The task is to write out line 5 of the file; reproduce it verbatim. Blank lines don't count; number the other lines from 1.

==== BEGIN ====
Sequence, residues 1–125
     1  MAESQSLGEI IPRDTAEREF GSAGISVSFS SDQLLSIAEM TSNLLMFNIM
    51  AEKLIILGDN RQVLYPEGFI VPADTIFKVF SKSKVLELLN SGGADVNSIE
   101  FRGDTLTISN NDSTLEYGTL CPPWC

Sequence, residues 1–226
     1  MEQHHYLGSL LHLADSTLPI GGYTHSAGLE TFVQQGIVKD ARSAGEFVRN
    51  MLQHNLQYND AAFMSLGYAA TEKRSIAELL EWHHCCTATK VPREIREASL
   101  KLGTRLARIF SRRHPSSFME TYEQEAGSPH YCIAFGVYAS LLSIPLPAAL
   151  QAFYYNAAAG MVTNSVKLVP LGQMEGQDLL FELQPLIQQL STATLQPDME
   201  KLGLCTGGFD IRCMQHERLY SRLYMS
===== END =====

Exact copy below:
Sequence, residues 1–226